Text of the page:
SASEBO, Japan — Ships of the forward-deployed Essex Amphibious Ready Group (ARG) got underway June 23 for a patrol of the Western Pacific region and to participate in the bilateral exercise Talisman Sabre 2011 (TS11).
Essex ARG includes amphibious assault ship USS Essex (LHD 2) and amphibious dock landing ship USS Germantown (LSD 42). These ships will embark elements of the 31st Marine Expeditionary Unit (MEU), including the battalion landing force and aviation combat element enroute to the exercise operating area.
Talisman Sabre is a biennial, joint sponsored exercise by U.S. Pacific Command and Australian Defense Force (ADF) Joint Operations Command. With approximately 14,000 U.S. and 9,000 Australian personnel expected to participate, TS11 is the largest joint military exercise undertaken by the ADF. The exercise is conducted to improve bilateral operations between the U.S. and Australia.
"Our countries have built a close relationship, which enables us to work together across the spectrum of military operations," said Capt. Bradley Lee, commodore of Amphibious Squadron 11. "Our joint cooperation has helped stabilize the region as we saw in Indonesia following both the 2005 tsunami and the 2009 earthquakes. This joint exercise will further strengthen civil-military collaboration for future operations and bilateral partnerships between the United States and Australia."
U.S. and Australian forces will conduct land, sea and air training around the Australian coast and also practice their ability to conduct joint humanitarian assistance and disaster relief operations. This type of training has proved extremely relevant for units of Essex ARG, which returned in April from providing disaster relief to regions of Japan affected by the March 11, earthquake and tsunami.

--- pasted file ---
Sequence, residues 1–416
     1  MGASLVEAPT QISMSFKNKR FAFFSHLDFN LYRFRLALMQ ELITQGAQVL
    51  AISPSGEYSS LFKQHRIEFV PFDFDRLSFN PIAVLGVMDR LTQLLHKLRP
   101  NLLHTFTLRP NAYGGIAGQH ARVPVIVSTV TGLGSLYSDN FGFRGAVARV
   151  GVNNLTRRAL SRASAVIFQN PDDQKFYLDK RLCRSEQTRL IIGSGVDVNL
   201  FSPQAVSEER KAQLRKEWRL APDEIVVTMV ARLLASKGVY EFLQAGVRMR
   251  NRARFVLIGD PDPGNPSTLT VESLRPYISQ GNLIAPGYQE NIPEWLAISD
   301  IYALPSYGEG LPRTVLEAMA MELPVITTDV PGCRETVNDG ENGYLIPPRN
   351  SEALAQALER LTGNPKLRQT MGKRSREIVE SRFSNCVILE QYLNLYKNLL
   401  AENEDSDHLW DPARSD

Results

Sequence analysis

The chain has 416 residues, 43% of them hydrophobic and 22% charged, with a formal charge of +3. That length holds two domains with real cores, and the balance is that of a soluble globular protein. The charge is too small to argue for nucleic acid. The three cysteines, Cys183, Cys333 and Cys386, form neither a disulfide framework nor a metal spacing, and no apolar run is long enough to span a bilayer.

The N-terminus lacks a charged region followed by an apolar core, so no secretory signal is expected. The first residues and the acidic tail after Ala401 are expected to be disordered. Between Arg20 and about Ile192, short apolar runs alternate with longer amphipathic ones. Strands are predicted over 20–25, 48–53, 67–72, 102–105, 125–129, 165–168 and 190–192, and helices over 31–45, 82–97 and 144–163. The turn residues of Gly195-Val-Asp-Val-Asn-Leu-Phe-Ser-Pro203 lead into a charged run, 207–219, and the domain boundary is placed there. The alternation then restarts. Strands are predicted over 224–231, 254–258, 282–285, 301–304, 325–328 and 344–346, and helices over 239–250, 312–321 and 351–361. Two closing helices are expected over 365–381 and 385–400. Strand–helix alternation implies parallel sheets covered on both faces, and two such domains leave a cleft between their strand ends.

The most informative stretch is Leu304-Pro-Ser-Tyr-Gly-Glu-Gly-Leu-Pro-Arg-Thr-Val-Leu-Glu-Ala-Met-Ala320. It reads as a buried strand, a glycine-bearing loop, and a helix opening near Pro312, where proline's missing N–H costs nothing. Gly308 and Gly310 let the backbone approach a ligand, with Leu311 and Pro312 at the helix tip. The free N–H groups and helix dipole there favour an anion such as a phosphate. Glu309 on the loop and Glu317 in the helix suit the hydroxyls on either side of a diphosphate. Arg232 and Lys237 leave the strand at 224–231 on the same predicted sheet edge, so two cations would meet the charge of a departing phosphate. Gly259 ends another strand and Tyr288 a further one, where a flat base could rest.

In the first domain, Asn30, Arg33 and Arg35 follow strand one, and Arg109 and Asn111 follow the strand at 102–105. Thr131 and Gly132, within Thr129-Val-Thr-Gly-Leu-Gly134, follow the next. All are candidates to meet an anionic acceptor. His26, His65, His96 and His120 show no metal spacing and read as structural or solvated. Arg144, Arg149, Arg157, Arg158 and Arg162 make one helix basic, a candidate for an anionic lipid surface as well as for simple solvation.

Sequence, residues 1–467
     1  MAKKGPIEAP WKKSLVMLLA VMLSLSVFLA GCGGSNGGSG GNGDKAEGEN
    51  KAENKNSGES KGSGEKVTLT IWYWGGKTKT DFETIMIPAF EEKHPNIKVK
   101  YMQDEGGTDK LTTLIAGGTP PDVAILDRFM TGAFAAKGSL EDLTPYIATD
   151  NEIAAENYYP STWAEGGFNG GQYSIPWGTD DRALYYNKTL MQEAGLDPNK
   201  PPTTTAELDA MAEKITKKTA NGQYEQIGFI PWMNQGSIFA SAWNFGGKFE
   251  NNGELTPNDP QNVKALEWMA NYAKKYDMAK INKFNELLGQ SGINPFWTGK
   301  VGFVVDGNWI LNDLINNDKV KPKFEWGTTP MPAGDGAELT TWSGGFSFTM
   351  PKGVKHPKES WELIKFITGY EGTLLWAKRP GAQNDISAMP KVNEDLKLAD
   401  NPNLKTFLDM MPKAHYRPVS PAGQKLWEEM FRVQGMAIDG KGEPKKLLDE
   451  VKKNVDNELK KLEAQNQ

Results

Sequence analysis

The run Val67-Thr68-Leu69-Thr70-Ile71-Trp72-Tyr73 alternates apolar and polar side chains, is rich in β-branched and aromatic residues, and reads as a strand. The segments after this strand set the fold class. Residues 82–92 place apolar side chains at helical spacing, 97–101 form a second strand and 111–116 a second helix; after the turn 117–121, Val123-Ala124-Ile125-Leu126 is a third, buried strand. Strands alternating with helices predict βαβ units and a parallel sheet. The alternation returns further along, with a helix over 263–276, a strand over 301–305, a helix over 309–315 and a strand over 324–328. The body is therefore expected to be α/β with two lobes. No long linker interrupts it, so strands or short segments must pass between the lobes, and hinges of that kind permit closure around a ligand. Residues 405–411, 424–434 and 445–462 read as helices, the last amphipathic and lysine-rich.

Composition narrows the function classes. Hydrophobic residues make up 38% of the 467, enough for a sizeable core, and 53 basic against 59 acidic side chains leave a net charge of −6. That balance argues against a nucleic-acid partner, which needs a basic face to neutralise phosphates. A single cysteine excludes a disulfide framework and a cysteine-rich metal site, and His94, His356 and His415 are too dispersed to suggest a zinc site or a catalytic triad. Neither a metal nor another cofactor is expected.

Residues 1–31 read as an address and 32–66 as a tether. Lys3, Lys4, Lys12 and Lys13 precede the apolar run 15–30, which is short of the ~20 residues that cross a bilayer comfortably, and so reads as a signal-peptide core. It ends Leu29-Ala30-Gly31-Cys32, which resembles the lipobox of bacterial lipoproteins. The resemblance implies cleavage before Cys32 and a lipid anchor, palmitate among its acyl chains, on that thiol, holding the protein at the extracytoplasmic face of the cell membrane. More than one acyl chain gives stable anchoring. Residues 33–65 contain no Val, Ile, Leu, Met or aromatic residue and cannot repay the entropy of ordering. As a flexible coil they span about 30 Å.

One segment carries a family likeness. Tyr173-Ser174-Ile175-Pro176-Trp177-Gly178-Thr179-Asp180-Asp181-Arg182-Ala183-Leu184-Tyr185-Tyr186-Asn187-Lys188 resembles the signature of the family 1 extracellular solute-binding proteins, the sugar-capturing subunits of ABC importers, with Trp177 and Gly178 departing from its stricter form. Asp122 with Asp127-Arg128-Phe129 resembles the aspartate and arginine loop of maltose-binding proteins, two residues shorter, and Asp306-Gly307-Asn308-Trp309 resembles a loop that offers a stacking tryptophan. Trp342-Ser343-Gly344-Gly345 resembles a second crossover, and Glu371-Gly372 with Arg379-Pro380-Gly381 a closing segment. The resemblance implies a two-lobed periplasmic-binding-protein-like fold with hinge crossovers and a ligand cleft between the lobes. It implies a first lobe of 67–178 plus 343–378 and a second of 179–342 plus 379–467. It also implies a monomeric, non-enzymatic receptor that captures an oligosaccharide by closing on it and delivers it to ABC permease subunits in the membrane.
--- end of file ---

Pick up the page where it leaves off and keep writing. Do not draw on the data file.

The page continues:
"In the past two years, the Essex ARG has conducted five humanitarian assistance and disaster relief missions throughout the Western Pacific, which is why this type of training with our allies is so essential," said Lee.
Capt. David Fluker, Essex commanding officer, said the exercise will allow his crew to practice a range of skill sets with their Australian counterparts.
"This exercise will allow us to demonstrate the ship's capabilities across the entire spectrum of missions, from amphibious operations to humanitarian assistance and disaster relief," said Fluker. "We are also very proud to be conducting this exercise alongside our fellow Royal Australian Navy professionals."
During operations at sea and ashore, the units assigned to Essex ARG will adhere to strict environmental standards.
"We will continue to take every precaution we can to ensure that we are good stewards of the environment during exercise Talisman Sabre," said Fluker. "The Navy and Marine Corps team take very specific measures to protect the environment that we operate in, and the coastal waters and shore of Australia are not different."